On top of the ruthless challenge presented by Ikaruga, we are treated to a bevy of extras. While most of these are available from the start there are a small amount of unlockables that will keep most hardcore shooters, well, shooting. You can open up a practice mode that let’s you replay any section of the game you have completed thus far. This allows you hone your skills and plan out runs. Since the game was developed for vertical screened arcade machines, the game gives you several viewing options to choose from. If you have a vertical monitor (who knows, maybe someone actually does) then you shouldn’t have to change a thing. For the rest of us, Treasure implemented a GC exclusive horizontal mode that keeps 100% of the screen intact, but you end up playing the game on its side. It may sound awkward, but it never affects the game’s play value. Or you could be bootleg about it and flip your TV on its side, but I heard that could cause a fire?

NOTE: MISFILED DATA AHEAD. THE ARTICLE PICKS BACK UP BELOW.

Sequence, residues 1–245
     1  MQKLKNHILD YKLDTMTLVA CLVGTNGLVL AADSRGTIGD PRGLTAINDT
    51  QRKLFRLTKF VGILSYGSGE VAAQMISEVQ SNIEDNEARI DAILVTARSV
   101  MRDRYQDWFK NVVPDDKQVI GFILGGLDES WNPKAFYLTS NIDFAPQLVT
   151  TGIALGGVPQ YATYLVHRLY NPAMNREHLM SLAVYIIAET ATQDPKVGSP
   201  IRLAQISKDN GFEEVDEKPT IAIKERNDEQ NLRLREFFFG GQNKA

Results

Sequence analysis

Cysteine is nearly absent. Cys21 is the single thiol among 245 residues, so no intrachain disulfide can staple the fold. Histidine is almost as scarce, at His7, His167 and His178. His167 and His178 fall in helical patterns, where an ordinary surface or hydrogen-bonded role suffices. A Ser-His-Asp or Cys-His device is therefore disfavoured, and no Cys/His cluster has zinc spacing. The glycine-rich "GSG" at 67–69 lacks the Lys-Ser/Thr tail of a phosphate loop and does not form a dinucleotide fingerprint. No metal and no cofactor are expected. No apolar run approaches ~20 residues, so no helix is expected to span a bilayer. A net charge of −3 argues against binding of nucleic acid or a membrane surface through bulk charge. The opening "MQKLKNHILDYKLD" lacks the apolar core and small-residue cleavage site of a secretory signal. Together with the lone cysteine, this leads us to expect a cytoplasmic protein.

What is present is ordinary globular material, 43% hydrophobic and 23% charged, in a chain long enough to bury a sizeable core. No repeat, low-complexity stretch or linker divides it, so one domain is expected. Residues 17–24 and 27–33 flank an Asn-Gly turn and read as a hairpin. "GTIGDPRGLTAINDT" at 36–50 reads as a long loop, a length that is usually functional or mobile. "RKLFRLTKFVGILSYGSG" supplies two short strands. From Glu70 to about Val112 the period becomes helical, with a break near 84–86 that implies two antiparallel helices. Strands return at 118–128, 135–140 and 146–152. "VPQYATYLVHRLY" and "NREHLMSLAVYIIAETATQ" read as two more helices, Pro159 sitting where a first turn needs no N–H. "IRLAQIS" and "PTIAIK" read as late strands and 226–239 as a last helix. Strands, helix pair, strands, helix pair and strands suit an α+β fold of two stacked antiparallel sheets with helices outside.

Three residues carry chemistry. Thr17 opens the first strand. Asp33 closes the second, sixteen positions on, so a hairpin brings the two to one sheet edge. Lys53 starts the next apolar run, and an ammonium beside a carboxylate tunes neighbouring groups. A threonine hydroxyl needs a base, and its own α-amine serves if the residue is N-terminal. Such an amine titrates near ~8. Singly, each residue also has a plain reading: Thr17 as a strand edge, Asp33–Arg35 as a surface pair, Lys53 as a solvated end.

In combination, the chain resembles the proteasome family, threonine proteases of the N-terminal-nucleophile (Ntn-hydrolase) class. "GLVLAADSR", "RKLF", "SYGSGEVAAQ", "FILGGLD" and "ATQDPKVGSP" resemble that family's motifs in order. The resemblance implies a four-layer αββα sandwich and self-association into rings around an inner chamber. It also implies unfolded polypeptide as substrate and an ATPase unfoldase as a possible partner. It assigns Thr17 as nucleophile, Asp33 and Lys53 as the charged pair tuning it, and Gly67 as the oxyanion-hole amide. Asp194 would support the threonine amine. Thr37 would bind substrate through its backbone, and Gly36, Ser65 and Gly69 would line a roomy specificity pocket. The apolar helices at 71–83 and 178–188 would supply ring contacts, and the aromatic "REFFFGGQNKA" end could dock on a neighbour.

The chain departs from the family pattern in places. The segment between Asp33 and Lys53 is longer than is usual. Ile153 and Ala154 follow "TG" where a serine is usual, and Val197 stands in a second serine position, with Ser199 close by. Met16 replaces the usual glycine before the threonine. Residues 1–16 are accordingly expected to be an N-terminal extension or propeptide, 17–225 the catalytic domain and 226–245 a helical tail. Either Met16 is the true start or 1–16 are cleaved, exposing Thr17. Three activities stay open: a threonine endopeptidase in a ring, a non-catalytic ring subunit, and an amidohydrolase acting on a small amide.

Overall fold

Be warned, this is not a game you’ll want to play while fighting on the phone with your ex-girlfriend. Ikaruga is like a drill sergeant demanding your full attention and he expects you to give 110%, lest you suffer an immense beating. Failing and repetition are part of Ikaruga‘s draw. This is, to be sure, every bit the shooter fan’s shooter! And even though you have not a chance in hell of making it through on your first, second or even 100th attempt, you will come back again and again. Take it from me this game is insane! Oh, and it’s fun too!